"We lived in an RV park next to the Nashville Palace," says James, mentioning the nightclub just down the road from the Grand Ole Opry House. "There was a guy named Randy Ray that had a little band in there. In the daytime he cooked and washed dishes, and at night he fronted the house band.

"I used to hang out with Randy during his breaks," adds James. "I used to jam with him."

Just as Frankie Bell eventually became Frank James, Randy Ray also changed his name - to Randy Travis.

But not before Frank James left Nashville.

"When we were going to move back up to Wisconsin, he was still at the Palace, and I said, 'Randy, we're going back up; I got a nightclub up there I'm going to buy,'" recalls James. "He said, 'Lefty, get me a tape of your songs, I just got a record deal.' I blew him off because I thought he had a monotone voice."

"We moved up here and bought this place, and I'm hearing Randy Travis on the radio. His songs were skyrocketing, and here I had a chance to give him a tape of my songs. This is the bad part - I never did."

Instead, fate took James to Hope. He and Tricia opened Country Corners. They divorced amicably three years later. She remains the owner of Country Corners today, and James still fronts the house band. He still wishes he'd given that tape to Randy Travis.

Old dog, new tricks

Some kids remember having a baseball mitt growing up. For Frank James, it was always guitars.

"My mom dated musicians sometimes, and they would teach me stuff," says James. "Everybody tried to get me to turn my guitar over, but I wouldn't do it. So I basically played right-handed guitar upside down for over 40 years."

Ten years ago, in a music store, James tried out a properly strung left-handed Fender Telecaster. The experience was a revelation.

"Something spiritual came over me," says James. "It was spooky, and I said, 'I can do this!' I took it home, and I was determined to play it that way.

"You can teach an old dog new tricks, you can."

The story of Frank James has a happy enough ending. It's a pretty amazing tale of a guy who has stared down the meanness of life and made music out of it.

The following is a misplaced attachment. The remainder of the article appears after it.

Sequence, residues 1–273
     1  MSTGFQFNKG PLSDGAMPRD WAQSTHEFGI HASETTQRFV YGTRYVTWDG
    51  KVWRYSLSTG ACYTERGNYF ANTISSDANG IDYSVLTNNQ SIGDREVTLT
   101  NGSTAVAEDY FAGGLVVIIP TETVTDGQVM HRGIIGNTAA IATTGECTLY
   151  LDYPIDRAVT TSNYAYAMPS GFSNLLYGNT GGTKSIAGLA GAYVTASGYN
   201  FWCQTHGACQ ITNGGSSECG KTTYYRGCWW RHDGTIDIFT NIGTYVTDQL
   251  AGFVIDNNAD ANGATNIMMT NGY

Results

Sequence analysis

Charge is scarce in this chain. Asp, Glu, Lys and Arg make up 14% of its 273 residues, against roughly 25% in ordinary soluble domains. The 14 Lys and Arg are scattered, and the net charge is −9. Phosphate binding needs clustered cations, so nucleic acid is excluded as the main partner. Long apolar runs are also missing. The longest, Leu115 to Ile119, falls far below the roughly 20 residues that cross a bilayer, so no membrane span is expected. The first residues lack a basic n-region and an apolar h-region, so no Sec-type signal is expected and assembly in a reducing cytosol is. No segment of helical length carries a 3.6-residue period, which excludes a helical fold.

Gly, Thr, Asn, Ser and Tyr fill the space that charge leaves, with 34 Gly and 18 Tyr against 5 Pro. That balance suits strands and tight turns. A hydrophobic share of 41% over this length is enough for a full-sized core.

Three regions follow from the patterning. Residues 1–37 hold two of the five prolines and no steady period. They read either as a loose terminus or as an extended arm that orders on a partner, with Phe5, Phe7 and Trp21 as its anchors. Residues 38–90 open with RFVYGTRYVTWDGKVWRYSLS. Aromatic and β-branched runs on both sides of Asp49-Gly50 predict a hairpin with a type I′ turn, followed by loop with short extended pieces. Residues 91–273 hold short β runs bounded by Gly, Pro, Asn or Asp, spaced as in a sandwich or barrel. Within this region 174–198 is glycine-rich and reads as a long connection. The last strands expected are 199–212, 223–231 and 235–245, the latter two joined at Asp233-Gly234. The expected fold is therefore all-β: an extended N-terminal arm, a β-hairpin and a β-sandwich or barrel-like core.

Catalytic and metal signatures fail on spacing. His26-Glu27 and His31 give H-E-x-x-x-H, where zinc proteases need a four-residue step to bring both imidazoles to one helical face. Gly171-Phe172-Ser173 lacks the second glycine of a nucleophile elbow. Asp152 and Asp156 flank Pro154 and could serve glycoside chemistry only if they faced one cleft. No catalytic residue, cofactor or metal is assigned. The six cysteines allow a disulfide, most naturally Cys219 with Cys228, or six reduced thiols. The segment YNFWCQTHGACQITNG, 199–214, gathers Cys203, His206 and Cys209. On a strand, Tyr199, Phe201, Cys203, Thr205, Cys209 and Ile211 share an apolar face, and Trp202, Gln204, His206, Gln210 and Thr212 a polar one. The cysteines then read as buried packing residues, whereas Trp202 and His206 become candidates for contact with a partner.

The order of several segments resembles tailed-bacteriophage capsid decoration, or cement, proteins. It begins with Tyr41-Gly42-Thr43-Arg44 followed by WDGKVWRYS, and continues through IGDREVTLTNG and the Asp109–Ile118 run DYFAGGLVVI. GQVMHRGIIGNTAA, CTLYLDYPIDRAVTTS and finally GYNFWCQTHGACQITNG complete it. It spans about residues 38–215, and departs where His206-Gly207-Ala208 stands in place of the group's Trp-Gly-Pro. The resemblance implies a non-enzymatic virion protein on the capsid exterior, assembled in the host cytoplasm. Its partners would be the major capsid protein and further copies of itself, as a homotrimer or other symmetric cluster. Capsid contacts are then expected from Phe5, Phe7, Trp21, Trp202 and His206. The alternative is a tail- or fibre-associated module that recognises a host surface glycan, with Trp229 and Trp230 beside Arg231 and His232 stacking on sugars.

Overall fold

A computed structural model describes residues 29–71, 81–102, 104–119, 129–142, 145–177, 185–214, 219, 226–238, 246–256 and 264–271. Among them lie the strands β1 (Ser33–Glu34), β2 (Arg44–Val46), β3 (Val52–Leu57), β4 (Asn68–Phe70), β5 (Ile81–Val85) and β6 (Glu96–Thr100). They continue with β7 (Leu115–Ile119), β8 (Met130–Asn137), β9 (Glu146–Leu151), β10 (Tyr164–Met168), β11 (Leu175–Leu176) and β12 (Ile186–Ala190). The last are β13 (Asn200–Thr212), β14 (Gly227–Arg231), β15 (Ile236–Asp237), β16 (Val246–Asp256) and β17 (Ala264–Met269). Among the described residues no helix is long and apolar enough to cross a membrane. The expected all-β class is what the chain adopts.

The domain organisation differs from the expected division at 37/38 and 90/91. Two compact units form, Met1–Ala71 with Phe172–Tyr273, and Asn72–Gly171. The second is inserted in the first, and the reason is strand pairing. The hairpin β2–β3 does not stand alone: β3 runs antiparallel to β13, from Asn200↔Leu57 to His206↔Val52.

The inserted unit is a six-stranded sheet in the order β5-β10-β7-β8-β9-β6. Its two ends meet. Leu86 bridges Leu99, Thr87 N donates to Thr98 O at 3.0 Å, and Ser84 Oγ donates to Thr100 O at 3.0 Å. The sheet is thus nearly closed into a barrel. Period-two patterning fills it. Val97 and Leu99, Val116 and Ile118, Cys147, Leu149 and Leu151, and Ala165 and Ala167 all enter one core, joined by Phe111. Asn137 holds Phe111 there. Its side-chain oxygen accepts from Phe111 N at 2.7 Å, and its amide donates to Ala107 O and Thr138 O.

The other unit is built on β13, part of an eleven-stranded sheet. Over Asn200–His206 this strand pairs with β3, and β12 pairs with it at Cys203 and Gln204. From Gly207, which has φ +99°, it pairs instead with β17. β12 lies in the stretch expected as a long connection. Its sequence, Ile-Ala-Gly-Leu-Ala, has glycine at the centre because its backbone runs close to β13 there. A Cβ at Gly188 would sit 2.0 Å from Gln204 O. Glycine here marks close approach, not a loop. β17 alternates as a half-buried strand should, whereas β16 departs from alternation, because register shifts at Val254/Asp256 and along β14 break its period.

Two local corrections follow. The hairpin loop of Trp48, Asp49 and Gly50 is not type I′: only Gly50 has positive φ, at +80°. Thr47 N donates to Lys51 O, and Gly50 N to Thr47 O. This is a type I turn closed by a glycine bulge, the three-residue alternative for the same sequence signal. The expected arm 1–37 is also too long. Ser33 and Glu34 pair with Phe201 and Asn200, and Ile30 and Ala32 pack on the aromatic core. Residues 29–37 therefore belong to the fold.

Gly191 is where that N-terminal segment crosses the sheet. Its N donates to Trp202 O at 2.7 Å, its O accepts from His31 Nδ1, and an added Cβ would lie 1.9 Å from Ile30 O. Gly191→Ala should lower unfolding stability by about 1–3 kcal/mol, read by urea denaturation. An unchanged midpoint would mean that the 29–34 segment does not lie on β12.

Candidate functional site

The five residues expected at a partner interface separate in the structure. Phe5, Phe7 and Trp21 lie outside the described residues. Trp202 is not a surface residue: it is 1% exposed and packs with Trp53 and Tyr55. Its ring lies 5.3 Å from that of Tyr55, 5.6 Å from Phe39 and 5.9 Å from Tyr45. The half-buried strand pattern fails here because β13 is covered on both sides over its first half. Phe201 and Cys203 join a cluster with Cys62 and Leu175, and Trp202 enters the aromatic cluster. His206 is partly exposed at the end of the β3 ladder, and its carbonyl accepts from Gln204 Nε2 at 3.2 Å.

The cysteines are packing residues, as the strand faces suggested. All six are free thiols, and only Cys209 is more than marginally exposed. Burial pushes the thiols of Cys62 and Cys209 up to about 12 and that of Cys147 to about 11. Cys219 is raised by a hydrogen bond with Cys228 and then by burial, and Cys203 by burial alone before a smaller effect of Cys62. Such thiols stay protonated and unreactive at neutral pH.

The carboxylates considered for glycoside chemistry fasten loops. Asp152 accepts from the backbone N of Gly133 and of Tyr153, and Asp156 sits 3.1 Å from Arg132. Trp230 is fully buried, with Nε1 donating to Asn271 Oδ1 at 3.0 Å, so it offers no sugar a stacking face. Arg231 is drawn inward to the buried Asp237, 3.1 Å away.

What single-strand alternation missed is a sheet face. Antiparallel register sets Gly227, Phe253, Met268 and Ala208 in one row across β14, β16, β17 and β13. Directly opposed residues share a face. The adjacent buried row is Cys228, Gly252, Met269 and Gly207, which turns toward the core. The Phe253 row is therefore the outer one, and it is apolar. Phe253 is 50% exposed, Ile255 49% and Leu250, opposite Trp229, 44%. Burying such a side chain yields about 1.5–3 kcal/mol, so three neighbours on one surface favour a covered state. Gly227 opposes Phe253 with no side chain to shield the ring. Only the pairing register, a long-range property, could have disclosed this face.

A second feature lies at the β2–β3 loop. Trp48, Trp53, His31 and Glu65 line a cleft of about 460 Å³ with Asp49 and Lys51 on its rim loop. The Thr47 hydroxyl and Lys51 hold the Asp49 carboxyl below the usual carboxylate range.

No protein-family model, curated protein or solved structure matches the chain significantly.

But, Mr. Travis, the story of Frank James could have a storybook ending. One of his songs waits for your voice to make that happen.

In my own vision of how this dream ends, your tour bus is turning left from Highway 12 onto County Road AB. You drive past the Hope cemetery and see the Pepsi sign glowing in the darkness. It's Thursday night, and your driver pulls into the parking lot, adjacent to a farm field. You come inside and take the stage. Lefty is next to you. He's ready to jam with you, right-side-up at last.

It wouldn't be a Frankie Bell-Randy Ray reunion at all. Instead, Frank James would extend his calloused hand and introduce himself to Randy Travis.

A song for Madison, 1965

43 year ago, Frank James, then 21, moved to Madison from New Jersey. Here's the song he wrote about the day he first arrived:

The Ballad of Shirley D.

Now somewhere back in '65
To Mad Wisconsin I'd arrive
In my '56 Olds Rocket 88
Searching on my AM radio
I found the Dixie Drifter show
His sound was different
Downhome, It was great

He said: This is the Dixie Drifter, howdy folks
Spinning country tunes and corny jokes
But it's time now for the weather and the news
Here's Shirley D., our weather girl
Miss Sunshine in a rainy world
When skies are gray, she'll turn the clouds to blue

With that perky voice and cheerful sound
Why she turned my gloomy day around
I knew I had to meet her right away
So I stopped for gas and asked them please
Would you help me find WMAD?
I had to meet those folks who made my day

In the boondocks out on Lacy Road
I saw the tower; my spirits rose
I pulled into this old gravel parking lot
Into that little building I did go
Saw the drifter through a glass window
Miss Shirley D. was standing by his side

Yeah, this has been the ballad of Miss Shirley D.